GateHouse Media purchased the Amarillo Globe-News and the Lubbock Avalanche-Journal from Morris Communications in the fall of 2017. GateHouse made some promises about its commitment to community journalism. Morris, meanwhile, got out of the newspaper publishing business totally.

So, what has happened to the new owners’ commitment to community journalism? A friend of mine sent me a note informing me today that the Globe-News and the Avalanche-Journal now have a “regional associate editor” who’s in charge of running both papers’ opinion pages.

Follow me here: Amarillo and Lubbock are 120 miles apart at both ends of Interstate 27. The new “director of commentary” lives in Lubbock. He’s going to continue to live there, or so I gather; that means he’ll drive to Amarillo during part of the week. I suppose he’ll need to show himself in Amarillo to pretend to be a member of the community.

The days he spends away from either community, though, is going to diminish the each paper’s editorial voice. It will water down its leadership in both communities. The editorial page of the G-N and the A-J will be muffled to a significant degree. One individual cannot pretend to know all there is to know about two communities that have disparate interests, differing power structures, different sets of movers and shakers, varying concerns.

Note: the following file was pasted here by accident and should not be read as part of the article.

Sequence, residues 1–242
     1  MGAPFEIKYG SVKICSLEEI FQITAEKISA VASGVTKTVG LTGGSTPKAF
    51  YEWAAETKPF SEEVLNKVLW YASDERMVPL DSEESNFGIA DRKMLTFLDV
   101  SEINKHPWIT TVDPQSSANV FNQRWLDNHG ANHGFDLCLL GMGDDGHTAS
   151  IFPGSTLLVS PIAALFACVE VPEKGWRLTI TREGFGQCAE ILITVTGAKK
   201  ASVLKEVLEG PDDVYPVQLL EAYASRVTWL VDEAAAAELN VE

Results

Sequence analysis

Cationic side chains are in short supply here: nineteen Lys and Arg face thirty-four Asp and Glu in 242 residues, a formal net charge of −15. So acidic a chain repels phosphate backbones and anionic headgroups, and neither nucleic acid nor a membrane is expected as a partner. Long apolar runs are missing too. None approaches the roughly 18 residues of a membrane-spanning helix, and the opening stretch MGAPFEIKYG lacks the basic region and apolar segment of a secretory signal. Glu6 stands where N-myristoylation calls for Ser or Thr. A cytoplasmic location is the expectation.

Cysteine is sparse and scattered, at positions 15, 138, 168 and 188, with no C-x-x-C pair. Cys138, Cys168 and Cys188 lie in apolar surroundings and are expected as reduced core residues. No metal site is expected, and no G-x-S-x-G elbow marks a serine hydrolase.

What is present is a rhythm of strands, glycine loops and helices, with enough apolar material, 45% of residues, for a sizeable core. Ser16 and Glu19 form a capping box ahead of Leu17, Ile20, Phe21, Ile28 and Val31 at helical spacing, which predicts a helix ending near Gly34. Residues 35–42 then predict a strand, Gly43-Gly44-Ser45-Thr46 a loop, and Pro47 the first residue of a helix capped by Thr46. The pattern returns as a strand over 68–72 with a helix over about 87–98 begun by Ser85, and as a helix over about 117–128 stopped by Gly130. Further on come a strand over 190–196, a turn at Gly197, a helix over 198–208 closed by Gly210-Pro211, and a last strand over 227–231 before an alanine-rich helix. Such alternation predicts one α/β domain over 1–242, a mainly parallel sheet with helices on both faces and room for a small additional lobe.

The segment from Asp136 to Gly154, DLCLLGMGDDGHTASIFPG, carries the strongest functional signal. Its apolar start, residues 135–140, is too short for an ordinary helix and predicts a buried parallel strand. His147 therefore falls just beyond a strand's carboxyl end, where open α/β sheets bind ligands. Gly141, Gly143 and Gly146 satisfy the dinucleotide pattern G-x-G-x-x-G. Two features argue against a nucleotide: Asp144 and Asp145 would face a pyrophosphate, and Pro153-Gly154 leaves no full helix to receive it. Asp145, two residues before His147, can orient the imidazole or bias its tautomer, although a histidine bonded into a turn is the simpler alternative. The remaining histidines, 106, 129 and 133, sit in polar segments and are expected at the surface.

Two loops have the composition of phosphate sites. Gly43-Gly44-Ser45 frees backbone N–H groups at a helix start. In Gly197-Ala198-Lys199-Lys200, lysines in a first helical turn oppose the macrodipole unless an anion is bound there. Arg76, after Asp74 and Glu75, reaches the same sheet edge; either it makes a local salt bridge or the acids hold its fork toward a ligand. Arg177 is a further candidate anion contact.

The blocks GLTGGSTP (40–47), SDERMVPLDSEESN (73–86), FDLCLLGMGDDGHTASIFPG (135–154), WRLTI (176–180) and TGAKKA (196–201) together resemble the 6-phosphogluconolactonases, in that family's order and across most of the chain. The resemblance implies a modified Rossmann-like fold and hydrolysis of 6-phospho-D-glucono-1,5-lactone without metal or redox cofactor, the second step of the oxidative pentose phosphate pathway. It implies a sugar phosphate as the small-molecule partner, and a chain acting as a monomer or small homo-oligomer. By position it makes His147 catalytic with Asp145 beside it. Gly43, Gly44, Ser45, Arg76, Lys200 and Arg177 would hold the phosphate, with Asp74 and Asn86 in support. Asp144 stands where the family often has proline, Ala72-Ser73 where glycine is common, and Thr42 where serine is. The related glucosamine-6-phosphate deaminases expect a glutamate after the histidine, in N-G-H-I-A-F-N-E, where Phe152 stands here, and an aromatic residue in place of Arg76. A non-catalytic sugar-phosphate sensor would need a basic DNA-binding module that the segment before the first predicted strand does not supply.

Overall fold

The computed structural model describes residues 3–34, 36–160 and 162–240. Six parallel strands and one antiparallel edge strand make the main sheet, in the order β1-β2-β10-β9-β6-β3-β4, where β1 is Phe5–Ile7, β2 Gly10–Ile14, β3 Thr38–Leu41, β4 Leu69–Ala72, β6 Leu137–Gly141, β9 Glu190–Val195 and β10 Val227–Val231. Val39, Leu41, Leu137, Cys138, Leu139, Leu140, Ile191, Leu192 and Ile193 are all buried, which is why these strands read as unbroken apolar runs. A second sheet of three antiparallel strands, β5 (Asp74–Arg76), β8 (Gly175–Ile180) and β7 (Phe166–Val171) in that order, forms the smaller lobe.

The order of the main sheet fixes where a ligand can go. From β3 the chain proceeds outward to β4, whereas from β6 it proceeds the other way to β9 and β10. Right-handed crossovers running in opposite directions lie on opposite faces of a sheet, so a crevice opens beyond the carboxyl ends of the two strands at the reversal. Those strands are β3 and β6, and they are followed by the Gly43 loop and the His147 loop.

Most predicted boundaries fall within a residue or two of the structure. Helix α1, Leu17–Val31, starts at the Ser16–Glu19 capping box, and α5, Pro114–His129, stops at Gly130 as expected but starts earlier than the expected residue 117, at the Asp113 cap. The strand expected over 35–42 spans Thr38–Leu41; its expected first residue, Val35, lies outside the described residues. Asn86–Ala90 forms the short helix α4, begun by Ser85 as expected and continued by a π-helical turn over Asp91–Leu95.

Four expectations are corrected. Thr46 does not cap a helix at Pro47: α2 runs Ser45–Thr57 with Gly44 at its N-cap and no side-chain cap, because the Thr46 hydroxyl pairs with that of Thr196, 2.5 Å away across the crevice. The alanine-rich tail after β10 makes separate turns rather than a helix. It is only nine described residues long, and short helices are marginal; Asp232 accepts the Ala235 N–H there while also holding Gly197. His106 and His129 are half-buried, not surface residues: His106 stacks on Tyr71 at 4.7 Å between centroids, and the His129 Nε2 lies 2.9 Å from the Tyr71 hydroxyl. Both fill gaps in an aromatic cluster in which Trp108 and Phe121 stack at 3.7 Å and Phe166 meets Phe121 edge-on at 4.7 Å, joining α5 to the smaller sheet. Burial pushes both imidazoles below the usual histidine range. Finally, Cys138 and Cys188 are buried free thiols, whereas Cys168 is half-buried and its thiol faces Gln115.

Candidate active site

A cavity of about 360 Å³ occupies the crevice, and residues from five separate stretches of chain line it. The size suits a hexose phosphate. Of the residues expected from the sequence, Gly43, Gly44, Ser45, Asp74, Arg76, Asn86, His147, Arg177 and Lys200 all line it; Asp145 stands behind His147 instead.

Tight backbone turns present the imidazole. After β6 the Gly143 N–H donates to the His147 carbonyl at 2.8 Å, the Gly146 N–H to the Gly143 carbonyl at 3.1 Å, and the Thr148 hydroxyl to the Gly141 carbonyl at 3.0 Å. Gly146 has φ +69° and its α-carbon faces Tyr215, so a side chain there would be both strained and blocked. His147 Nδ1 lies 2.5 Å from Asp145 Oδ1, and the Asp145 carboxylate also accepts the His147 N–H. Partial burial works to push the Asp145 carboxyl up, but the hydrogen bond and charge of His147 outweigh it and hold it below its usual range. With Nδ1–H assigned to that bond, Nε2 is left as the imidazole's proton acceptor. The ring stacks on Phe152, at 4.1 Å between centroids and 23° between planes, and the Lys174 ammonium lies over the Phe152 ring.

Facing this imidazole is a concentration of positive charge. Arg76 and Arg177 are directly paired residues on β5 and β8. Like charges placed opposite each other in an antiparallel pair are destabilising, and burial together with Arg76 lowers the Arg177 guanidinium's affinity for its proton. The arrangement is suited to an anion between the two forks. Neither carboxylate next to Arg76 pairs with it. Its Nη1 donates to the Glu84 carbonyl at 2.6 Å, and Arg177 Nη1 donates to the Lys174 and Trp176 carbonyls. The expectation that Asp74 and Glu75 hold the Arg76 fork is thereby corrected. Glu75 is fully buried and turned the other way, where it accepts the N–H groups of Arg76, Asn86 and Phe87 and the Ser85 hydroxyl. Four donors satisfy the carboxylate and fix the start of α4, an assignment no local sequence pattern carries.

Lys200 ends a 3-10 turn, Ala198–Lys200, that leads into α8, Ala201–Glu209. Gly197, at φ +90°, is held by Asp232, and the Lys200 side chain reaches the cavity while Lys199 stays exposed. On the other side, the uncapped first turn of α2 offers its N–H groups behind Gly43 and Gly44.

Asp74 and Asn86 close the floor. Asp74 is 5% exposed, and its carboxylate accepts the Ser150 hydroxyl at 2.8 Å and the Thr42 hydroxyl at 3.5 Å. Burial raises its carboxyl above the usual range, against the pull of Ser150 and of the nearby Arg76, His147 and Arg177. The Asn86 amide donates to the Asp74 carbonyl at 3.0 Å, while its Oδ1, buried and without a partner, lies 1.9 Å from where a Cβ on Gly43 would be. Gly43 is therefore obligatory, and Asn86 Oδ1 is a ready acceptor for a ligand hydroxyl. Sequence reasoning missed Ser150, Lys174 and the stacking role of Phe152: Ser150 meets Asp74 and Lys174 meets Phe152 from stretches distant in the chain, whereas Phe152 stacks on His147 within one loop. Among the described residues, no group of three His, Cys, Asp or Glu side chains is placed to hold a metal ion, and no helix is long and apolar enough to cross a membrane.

This is an absolute shame.

I long have subscribed to the belief that newspapers that pursue a cogent and lively editorial policy are an essential element to any community’s well-being. Sure, readers complain about what a newspaper thinks about an issue; they take the editor and publisher to task. Or, they might agree and applaud with whatever position the opinion page has staked out.

Opinion pages promote community discussion and debate.

The West Texas newspapers already have a “regional” publisher who lives in Lubbock and commutes to Amarillo, along with a “regional” executive editor who lives in Amarillo and commutes to Lubbock. Now they have what used to be called an editorial page who lives in Lubbock.

GateHouse Media’s so-called commitment to the communities it pledged to serve is facing a serious challenge with the way it is structuring the leadership of two once-stellar voices for their respective regions.

Man, I hope I am wrong. If I am, I’ll swallow the crow whole.

I fear I am not.

This news was no surprise, but it still hurts

Have you ever heard of a development you more or less knew was coming but were still unnerved by it when it arrived?